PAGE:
When I was out visiting my brother in Vancouver this past summer he gave me a copy of a book written by the current CTO of Tellus, Ibrahim Gedeon. I finished the book yesterday and thought that it might be interesting to talk about some of the highlights.
The sub-title for the text is “Life Lessons from the workplace as seen by a technology executive” and I would have to say that much of what Ibrahim observed, I have observed as well. Ibrahim’s view is from the inside of a technology giant (Nortel Networks), while my view was from the outside in smaller competitive companies like Mitel and Newbridge. There is no doubt that the political climate at Nortel was orders of magnitude more intense than where I worked, but we seem to have experience the same events from different angles.
What I would like to do in the next series of posts, is quote a passage from his text and provide my view as it relates to the passage. I do encourage you to get a copy of the book and follow along with both perspectives. The book is very reasonably priced and can be found at: http://ijgbooks.com/weeding.html
Most proofs in science start with definitions of things that we know, so before we consider the sections that follow, we need to define “Wanker”. We’ll skip the Wikipedia definition as not quite ready for prime time and proceed to the more PG rated version.
Definition: “Wanker”, British slang for a person that busies himself or herself with no results or gratification for others.
On page 22 Ibrahim writes:
“I hate to beat a dead horse, but Nortel’s continuous knee-jerk belt tightening was the beginning of the end.
I have been around enough of these types of leaders to conclude that their rationale for their decisions and actions are rooted in the sheer desire to save their own skin or ensure they are blameless. They ignore the obvious signs of trouble within the organization. Their efforts, if you can call them that, are typically of no consequence. And the result is managerial inertia, with either nothing being accomplished in spite of executive actions. or nothing being accomplished because nothing is even being seriously attempted among executives who are essentially trying to find a hiding place to wait out the storm. It is when a few iterations of cost cutting imperatives arise that they are often flushed out for what they truly are.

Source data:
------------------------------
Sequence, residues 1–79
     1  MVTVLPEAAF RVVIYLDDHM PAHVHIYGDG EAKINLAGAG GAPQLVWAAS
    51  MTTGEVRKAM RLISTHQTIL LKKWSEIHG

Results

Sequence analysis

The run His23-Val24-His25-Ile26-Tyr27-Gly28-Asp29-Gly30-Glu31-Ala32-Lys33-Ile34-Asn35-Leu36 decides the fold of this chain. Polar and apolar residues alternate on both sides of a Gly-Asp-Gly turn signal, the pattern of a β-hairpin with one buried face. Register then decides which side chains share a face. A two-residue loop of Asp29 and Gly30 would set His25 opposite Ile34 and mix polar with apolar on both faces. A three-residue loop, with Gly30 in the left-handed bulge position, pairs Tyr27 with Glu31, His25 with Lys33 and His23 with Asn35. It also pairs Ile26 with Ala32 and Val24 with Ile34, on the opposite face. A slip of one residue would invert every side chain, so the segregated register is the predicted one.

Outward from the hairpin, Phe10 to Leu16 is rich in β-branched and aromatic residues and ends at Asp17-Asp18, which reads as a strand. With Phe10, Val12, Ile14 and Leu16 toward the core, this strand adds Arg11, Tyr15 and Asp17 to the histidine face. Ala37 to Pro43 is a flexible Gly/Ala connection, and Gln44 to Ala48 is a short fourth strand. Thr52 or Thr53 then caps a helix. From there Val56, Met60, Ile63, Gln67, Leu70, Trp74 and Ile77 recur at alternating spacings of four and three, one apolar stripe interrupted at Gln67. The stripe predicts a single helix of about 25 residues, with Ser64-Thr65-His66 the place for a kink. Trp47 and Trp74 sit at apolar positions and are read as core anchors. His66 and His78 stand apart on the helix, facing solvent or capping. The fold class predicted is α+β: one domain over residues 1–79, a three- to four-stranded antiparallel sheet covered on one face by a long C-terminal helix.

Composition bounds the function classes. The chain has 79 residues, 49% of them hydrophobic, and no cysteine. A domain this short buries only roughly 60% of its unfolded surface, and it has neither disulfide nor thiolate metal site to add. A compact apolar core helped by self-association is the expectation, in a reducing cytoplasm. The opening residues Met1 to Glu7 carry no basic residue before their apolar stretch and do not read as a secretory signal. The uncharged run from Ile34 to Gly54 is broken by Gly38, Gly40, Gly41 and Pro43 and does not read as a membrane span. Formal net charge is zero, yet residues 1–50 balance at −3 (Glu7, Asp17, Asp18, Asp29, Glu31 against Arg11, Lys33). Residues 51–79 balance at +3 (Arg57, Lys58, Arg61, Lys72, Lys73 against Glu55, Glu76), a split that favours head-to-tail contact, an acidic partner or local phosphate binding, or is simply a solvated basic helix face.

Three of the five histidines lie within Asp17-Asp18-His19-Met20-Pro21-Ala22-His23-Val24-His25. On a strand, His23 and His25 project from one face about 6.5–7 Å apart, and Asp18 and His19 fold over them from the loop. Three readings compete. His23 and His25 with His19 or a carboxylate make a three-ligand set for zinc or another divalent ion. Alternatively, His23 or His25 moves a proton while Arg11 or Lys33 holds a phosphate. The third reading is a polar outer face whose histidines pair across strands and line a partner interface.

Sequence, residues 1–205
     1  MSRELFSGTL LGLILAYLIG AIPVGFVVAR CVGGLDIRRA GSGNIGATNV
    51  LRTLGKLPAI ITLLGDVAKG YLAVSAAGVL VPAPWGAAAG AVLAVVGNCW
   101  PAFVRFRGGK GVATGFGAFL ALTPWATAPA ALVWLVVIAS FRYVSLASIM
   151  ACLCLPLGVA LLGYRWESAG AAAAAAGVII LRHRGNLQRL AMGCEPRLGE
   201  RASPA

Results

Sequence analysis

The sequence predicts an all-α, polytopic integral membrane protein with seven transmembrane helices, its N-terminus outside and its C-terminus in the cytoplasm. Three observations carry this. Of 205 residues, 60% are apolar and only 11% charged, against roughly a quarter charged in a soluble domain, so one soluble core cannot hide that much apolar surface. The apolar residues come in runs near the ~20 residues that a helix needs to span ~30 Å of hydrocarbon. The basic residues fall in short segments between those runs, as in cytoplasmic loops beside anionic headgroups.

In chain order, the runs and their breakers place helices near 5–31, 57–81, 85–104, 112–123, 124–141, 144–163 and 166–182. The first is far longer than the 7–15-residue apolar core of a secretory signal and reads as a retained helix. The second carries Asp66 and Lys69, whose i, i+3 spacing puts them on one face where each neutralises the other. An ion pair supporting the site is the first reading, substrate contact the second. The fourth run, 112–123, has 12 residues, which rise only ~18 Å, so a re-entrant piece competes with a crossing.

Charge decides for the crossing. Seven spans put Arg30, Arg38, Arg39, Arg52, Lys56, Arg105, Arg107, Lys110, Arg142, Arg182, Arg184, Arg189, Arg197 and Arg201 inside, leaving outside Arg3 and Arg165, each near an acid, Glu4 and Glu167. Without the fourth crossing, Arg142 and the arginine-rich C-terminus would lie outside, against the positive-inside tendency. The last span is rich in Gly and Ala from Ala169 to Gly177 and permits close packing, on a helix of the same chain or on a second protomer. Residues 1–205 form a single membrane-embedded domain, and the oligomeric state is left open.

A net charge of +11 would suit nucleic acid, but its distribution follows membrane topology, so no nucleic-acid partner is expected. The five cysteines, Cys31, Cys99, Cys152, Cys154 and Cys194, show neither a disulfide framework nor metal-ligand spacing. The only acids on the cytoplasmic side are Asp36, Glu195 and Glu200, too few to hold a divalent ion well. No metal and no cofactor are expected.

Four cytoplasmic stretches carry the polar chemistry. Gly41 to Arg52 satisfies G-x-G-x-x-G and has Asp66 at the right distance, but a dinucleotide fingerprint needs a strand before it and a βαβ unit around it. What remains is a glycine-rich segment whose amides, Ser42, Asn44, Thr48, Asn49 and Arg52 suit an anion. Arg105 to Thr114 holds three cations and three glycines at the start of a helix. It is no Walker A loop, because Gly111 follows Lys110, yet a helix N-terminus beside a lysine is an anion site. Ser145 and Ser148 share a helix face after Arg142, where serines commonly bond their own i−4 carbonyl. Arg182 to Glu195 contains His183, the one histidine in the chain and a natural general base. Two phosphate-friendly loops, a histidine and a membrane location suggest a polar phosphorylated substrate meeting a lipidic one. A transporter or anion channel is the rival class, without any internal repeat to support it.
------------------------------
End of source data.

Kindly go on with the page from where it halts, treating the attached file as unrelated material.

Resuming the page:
Usually after a few rounds of cost cutting, a number of the executive team members are let go and a number of others leave of their own volition. No doubt some low performers are let go, but often good leaders that want fundamental change and realignment of the organization are also let go or they leave in frustration. The reasons are numerous, but the most popular official explanation is they are not seen as a team player.”
Over this past summer I mentioned to a bunch of the people that I was working with, that I was once told that I was difficult to work with and they couldn’t stop laughing. They couldn’t see how the person they were working with could possibly not be a team player. It was not an easy transition from a management position back to a mobile app developer, but after 8 months of hard work and may hours of “Drinking from the fire hose” I achieved my goal. I understand what Ibrahim is saying though because I have been the victim of wankers.
What Ibrahim does not mention about this unfortunate sequence of events, is that the people in charge can, and often do, cast the person they are trying to get rid of in a bad light. This can make it hard for the person to re-establish their career as they have to prove that their employer was wrong. I call this effect “Poisoning the well”.
So my conclusion is that Wankers walk among us and work beside us. As Ibrahim proceeds through his observations, he helps us to recognize behaviour that can be attributed to wankers, making it possible for us to recognize them. What to do about them however, is a completely separate topic.